MSOT also allowed the observation of the individual HbO2 and Hb images contributing to TBV and consistently demonstrated patches of increased HbO2 content in the tumor periphery. Some tumors were shown to contain strong deoxygenated hemoglobin signals, indicative of settling hypoxia into the tumor mass. However, this observation was not present in all tumors, possibly pointing to a variation in hypoxia between tumors. MSOT also resolved an apparent disruption of the lipid and water layered structures observed in healthy breast. The disruption was seen on all images; however, its strength varied significantly and did not preliminary evince on an MSOT pattern with diagnostic potential, as not all tumors could be clearly identified on the fat or water images. Imaging of large tumors in Fig. 4 and Fig. 5Q showed strong lipid infiltration in the tumor area, whereby imaging of smaller tumors, such as in Fig. 3, did not show colocalization of the tumor mass and fat signals.
MSOT images demonstrated different patterns compared with the appearance of the tumors on ultrasonography. The dense vascular patterns observed, indicating malignancy (42, 44), could play a role in tumor characterization within the BI-RADS classification or for cartography of intratumoral heterogeneity leading to improved biopsy guidance. This possibility was exemplified in Figs. 3L and 6N, whereby ultrasound identified a large mass containing fibroadenoma and malignant tumor, whereby MSOT detected the highly vascular malignant lesion. In a second example, Fig. 3C and F depict markedly different tumor appearance between MSOT and ultrasound images, with MSOT exhibiting a highly heterogeneous pattern extending well beyond the lesion seen by ultrasonography. Such complementary contrast between MSOT and ultrasonography may change the views on tumor mass extent and biopsy guidance.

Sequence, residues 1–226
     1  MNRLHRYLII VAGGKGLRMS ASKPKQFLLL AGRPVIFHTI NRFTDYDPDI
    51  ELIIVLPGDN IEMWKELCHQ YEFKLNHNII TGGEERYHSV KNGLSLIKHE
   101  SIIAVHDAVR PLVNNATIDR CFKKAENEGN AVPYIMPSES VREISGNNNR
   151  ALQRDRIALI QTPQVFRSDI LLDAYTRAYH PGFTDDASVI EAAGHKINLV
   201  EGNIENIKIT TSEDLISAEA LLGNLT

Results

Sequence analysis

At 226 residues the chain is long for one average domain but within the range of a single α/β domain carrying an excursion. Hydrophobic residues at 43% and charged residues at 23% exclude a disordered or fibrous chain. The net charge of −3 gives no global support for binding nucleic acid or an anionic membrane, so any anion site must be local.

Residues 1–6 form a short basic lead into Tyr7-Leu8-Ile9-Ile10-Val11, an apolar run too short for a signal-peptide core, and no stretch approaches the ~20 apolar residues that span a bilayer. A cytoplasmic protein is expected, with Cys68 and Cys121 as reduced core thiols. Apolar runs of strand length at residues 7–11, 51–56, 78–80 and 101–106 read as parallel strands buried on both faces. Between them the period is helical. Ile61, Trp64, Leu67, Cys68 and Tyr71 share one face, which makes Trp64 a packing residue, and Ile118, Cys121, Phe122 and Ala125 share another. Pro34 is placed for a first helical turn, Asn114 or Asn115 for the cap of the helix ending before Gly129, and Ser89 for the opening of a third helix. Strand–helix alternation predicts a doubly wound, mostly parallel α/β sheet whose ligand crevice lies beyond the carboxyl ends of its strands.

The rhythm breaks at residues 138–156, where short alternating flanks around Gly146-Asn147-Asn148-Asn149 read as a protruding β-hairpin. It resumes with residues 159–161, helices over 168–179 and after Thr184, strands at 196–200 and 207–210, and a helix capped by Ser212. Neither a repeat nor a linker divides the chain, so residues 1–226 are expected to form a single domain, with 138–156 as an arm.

MSOT may be further clinically useful for identifying tumor skin infiltration. Disruptions of the melanin layer and skin vascularization, seen on Fig. 4, could guide surgery and overall therapy planning when skin infiltration is suspected. MSOT could help avoiding punch biopsies, especially as current mammographic imaging cannot distinguish between cutaneous edema (e.g., due to lymph node metastasis) and tumor skin infiltration. Furthermore, the extent of the tumor to subcutaneous layers is valuable in planning subcutaneous mastectomy.
Compared with DOI of breast cancer (10–19, 45–49), the MSOT patterns were found showcasing the merits of the superior optoacoustic resolution. DOI cannot observe vascularization patterns, due to the strong photon scattering in tissue and the low resolution achieved. In contrast to optoacoustic methods that resolve breast tumors with 200–300 μm resolution, DOI methods offer a resolution of 2–3 mm or lower. Therefore, only a bulk value per tumor mass can be typically recorded. Moreover, photon diffusion leads to an imaging problem that is highly ill-posed, a feature which significantly reduces the quantification accuracy over high-resolution methods and may lead to strong image artifacts. Therefore, DOI has not been shown suitable to observe the morphologic tumor characteristics observed by MSOT.
The MSOT system described here offers novel features compared with previous optoacoustic studies employing at most 2 wavelengths (25, 36). Advanced illumination and detection technology enabled MSOT at 28 wavelengths at approximately 2-Hz scan times. The use of a large number of wavelengths improves the accuracy of spectral unmixing over systems using 2 wavelengths (41) and enabled unmixing of four spectral components. In addition, fast scanning technology minimizes motion artifacts, which allows seamless coregistration of images collected at different wavelengths and improves the accuracy of spectral unmixing. The MSOT implementation herein also employed curved arrays for improving resolution and overall image quality (32) over linear ultrasound element-arrays or fixed scan geometries that yield lower resolution (25). Conversely, handheld systems are more sensitive to motion over fixed geometries. Moreover, access to deep seated tumors may require adjustment of the handheld scanner to obtain a preferable angle of access, in analogy to practices common in handheld ultrasonography.